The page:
Anzac Day glorifies war

IN AUSTRALIA, Anzac Day is a means to promote militarism and nationalism. It marks the day when Australian forces invaded Turkey in 1915, entering World War I.

Sixty thousand Australians were killed in that war and nearly 16 million people died worldwide. It was no event over which to rejoice.

Anzac Day was initially used during the war to recruit people to fight on the other side of the world. In 1916 and 1917, Anzac Day became a means of supporting conscription.
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Australian cricket continues on its old, merry path

EARLIER this year, after England sealed a resounding 3-1 win in the Ashes Test series, Australian cricket authorities, apparently all shaken up, launched an inquiry to find out why the team had been beaten, and so comprehensively too.

This was the third time that Tasmania’s Ricky Ponting had led the national team to a loss in the Ashes series; Ponting lost twice in England, in 2005 and 2009. The Ashes is the series that matters most to Australia as England is historically the enemy.

When the inquiry reported back and recommended sweeping changes, there was hope that things would look different this summer. Of course, the captain had to go – of that there was little doubt. But despite a lot of talk, much promise of change, one finds that with the summer cricket season nearly a third over, things are pretty much the same.
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Time for Australia to blood new cricketers

NEXT week, the Australian international cricket season kicks off with the first Test against New Zealand. The Kiwis will play two Tests and then India will play four more, beginning in December. Next year, Australia, India and Sri Lanka will play a triangular limited overs tournament.

Australia is in the midst of a transition but it remains to be seen to what extent the new set of selectors are prepared to experiment. Ricky Ponting and Michael Hussey are both well into their 30s and not exactly setting the Nullarbor on fire when they go out to bat. Mitchell Johnson has been erratic to put it mildly, with more downsides than upsides.

And Brad Haddin has shown an inclination to throw his wicket away at the worst of times. His keeping is pretty poor too.
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New Zealand finally gets a monkey off its back

THE Shaky Isles have finally got a monkey off their back by winning the rugby world cup title again. They won the first, held in their own country, in 1987, and have been knocked out at various stages of the tournament ever since.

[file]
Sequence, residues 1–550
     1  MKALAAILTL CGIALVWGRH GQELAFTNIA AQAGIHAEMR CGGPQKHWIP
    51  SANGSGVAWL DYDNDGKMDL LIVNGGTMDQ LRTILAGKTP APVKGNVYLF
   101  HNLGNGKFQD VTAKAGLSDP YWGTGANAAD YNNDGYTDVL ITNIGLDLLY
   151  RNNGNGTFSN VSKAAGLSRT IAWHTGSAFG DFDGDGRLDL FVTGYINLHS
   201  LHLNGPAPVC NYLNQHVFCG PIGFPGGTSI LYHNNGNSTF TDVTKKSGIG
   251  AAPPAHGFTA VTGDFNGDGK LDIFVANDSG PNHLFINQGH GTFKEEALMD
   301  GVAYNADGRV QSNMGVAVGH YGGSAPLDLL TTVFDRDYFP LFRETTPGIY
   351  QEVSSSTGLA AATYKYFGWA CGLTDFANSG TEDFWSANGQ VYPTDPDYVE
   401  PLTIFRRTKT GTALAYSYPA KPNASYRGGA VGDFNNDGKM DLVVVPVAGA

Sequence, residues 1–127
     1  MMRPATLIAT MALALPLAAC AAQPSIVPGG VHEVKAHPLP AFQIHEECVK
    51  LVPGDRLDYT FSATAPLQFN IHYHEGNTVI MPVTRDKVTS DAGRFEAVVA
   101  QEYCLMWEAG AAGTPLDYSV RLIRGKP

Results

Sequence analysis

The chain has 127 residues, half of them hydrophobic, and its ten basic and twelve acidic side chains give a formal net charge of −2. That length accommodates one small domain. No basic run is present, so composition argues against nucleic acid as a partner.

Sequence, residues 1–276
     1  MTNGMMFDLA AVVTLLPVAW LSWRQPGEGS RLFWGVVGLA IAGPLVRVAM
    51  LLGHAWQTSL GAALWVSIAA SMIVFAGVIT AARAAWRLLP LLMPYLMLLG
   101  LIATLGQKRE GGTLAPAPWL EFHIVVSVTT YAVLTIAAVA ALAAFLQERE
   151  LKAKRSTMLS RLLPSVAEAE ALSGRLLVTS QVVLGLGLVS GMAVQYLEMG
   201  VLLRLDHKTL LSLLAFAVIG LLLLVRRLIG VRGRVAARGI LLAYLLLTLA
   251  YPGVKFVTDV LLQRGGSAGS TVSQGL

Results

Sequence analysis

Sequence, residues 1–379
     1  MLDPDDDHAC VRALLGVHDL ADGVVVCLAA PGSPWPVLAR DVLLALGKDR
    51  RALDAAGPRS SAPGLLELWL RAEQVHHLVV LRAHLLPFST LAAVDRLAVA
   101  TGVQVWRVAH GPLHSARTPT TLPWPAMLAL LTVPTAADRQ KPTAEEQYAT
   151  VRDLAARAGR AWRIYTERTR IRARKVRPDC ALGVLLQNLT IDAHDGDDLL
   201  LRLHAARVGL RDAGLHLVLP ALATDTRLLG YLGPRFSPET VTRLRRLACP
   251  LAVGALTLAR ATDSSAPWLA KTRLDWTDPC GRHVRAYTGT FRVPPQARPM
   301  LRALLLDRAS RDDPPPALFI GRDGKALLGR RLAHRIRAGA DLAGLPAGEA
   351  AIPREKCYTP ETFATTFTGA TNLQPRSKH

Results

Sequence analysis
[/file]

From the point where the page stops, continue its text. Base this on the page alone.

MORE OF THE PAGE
Due to the series of losses, they have been accused of choking. I’m sure it won’t take long for the next diatribe to emerge – that they choke whenever they play in this tournament away from home.

The manner in which New Zealand won was strange; they were defending for a better part of the game and their flair was totally missing.
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Wayne Barnes proves that incompetence will help one make progress

ENGLISHMAN Wayne Barnes has earned a reputation for refereeing bloopers, continuing the trend he set in the World Cup rugby tournament of 2007 when he awarded France a try from a blatant forward pass.

That try helped France to knock out tournament favourites New Zealand in the quarter-finals. Barnes does not appear to have improved much – at the ongoing tournament, which concludes on Sunday, he denied Wales a try conversion when the ball had clearly gone between the uprights.

This was in a pool game with South Africa and as Wales lost the game by a point, they certainly had reason to feel cheated.
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Australia should be grateful this was not the final

AUSTRALIA has one reason to be grateful after last night’s humiliation at the hands of the All Blacks in the world cup rugby union tournament – this was not the final.

According to the draw, Australia was expected to come through the pool stages on top of its pool, play Wales/Samoa/Fiji in the quarter-finals, England or France in the semi-finals, and meet New Zealand in the final.

That would have been a real blockbuster for the organisers given the fact that the tournament is being hosted in New Zealand.
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Why is Wayne Barnes allowed to referee rugby games?

During the last World Cup rugby tournament in France, Englishman Wayne Barnes ensured that tournament favourites New Zealand would be thrown out at the quarter-final stage by allowing a French try that was scored off a blatant forward pass.

And this wasn’t one of those line-ball decisions – there was a difference of about two metres between the two French players who exchanged the pass.

Now Barnes has done it again, denying Wales a chance of defeating the reigning champions, South Africa, at the 2011 championships.
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Australia’s tactics for World Cup rugby fraught with danger

AUSTRALIA enters next month’s World Cup rugby union tournament as one of the teams in with a chance — at least, based on the personnel and the strengths of the other teams involved.